Every material is unique. The sortability of any given deposit is dependent on the heterogeneity of the ore. Any successful sorting operation requires differences in some material properties. These properties may be color, density or electro-magnetic. Different mineralizations can also be distinguished based on near infrared spectra or differences in the crystalline structure. In some cases the disseminated hints of metal are not visible to any sensor and sorting relies on tracer properties or mineral associations. This is especially true for gold deposits, where gold particles within the rock are almost always below the resolution of the machine (<1 mm pixels). To verify the correlation of tracer properties and the metal grades test work has to be done for every sorting application prior to implementation.

Sorting test work

Sorting test work starts on the desktop with a sorting amenability evaluation. Experts validate all data available and provided by the customer. Based on expertise and prior test results a first gate decision is made to continue or not.

Next is the first stage of hands on sensor test work on the material. Outotec asks for 10-20 carefully selected samples of each rock type representing the whole ore body for a first inspection test. These rock types may consist of: ore, marginal ore, waste, intermediate waste or SAG pebbles. Testing can be completed at the Tomra Mining test centers in Hamburg, Germany and Sydney, Australia. Responses from different sensors to the material is tested to determine differences between rock types. The aim of this test work stage is to provide sufficient information for initial sensor selection.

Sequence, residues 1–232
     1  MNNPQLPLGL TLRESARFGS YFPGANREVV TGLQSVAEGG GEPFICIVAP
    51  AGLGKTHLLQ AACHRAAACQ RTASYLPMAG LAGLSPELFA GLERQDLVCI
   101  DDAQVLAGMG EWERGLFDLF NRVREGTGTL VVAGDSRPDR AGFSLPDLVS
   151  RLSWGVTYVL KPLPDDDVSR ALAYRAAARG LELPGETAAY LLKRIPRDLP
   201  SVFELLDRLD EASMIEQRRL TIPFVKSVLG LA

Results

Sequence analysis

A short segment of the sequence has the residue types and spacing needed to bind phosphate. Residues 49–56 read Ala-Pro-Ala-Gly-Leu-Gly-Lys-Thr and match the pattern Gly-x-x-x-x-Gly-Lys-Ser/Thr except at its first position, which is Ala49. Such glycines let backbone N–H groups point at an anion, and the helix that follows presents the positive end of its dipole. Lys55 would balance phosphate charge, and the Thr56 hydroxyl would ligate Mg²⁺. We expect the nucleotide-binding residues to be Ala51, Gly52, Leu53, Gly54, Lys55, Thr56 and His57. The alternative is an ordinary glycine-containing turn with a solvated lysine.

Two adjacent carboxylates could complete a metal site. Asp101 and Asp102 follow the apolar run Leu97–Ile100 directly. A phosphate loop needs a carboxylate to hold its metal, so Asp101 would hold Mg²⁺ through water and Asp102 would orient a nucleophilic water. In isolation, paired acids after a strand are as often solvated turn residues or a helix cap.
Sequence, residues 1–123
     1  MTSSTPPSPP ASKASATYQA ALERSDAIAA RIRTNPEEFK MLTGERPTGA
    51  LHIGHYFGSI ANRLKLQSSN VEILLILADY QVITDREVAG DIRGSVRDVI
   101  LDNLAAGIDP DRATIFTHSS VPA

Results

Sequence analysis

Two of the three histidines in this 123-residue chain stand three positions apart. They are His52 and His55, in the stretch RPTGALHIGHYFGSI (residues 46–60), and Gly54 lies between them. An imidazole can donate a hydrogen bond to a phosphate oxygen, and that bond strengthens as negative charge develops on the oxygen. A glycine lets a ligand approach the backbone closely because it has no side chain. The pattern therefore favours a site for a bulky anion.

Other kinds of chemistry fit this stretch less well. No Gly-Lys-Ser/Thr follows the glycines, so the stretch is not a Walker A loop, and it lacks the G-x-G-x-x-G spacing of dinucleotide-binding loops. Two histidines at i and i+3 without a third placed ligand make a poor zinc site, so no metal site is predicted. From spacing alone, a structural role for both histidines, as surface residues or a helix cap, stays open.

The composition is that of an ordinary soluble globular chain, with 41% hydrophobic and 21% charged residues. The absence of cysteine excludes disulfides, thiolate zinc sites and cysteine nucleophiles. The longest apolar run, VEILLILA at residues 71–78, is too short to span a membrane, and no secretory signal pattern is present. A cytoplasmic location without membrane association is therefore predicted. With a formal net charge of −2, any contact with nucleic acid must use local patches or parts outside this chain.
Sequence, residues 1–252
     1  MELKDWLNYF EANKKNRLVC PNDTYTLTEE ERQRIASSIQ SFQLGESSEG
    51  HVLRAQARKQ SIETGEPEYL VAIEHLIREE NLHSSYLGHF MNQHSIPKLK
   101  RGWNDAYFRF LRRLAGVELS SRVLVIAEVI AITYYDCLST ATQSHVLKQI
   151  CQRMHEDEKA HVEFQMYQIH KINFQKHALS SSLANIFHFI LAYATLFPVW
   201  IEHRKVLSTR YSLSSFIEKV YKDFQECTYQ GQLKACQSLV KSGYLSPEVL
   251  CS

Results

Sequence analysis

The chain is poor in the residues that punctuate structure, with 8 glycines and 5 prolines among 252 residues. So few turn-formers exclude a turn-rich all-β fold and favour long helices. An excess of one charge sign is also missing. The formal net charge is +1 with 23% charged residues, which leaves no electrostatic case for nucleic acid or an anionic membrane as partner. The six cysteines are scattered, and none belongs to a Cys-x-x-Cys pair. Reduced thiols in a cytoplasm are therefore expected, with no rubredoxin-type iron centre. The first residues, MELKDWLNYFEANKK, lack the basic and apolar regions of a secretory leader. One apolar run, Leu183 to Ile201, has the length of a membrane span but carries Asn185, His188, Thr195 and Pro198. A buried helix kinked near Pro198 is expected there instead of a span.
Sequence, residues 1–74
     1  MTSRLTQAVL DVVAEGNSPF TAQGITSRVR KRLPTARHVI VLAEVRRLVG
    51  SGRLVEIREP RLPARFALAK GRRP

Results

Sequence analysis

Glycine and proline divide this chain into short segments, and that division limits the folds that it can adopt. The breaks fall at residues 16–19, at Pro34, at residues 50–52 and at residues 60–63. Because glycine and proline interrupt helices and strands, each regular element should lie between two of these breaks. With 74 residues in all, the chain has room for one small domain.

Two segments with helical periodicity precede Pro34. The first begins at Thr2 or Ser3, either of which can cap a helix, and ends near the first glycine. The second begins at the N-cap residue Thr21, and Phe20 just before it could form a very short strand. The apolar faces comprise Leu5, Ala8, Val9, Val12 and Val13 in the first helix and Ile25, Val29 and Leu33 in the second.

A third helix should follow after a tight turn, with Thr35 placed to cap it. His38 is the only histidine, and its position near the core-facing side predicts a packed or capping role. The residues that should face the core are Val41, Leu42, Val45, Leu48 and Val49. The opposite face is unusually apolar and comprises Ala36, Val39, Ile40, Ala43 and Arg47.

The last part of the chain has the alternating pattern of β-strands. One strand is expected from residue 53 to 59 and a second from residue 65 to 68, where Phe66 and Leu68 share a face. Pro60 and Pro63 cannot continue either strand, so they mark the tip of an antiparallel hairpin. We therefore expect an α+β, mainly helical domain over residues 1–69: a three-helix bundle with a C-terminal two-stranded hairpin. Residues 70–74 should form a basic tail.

After a successful first inspection a performance test is carried out on industrial scale machines. Test sample sizes is typical 1-4 tons of material for each sample. The sample should be as representative as possible of the expected feed including a mix of all rock types.

After assaying the results this test provides all necessary information for proof of sortability and expected performance. During the performance test the sensor system is adjusted and calibrated according to the requirements of the ore body. This provides crucial information such as grades, recovery and capacities. More complicated flow sheets including scavenger sorters or cleaner sorters or combining different sensor types can be tested as well.

Flowsheet of test work for sensor-based ore particle sorting
Figure 4. Flow sheet of test work for sensor-based ore particle sorting.

Process design

A successful performance test campaign provides all relevant information for process design and implementation of a sorting solution. Test work is completed using industrial sized machines, so therefore no scale-up factor has to be applied and piloting is generally not required. The main focus of process design is the pretreatment of the sorter feed. The key to successful operation is sufficient fines removal and a narrow particle size distribution. To maximize the benefit of sorting, the circuit should be designed to deliver the maximum amount of material in the size range for sorting. The optimal location for a sorting solution is within the secondary crushing stage where a minimum amount of material bypasses sorting through under- or over-size streams.

Capacities for individual machines varies based on the rock type and can be up to 400 tons per hour for certain applications. By combining various machines in different particle size ranges plants have been implemented with a maximum capacity of 2000 tons per hour total plant feed. Outotec’s expertise in crushing, grinding, materials handling, flotation, leaching and dewatering ensures smooth incorporation of sorting in any given process. Our offering includes everything from sorting equipment packages including auxiliaries to full turnkey solutions.

Optimized Operations

Sensor-based ore particle sorting can be used to pre-concentrate ROM ore feed, SAG Mill scats and low grade or waste stockpiles. Plant throughput increase, reduced operating costs and mine optimization should be considered in evaluating sorting as well as increased recovery in flotation and leach circuits. The economic benefit to the operation can be very powerful and also typically reduces sensitivity to metal prices. A recently published example is Minsur’s San Rafael mine in Peru, showing a pay-back period of only 4 months after the start-up of the stockpile sorting plant. "The machines have proven to be very efficient," said Pedro Condori, Process Operation Manager for Minsur.

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Mining Metals refining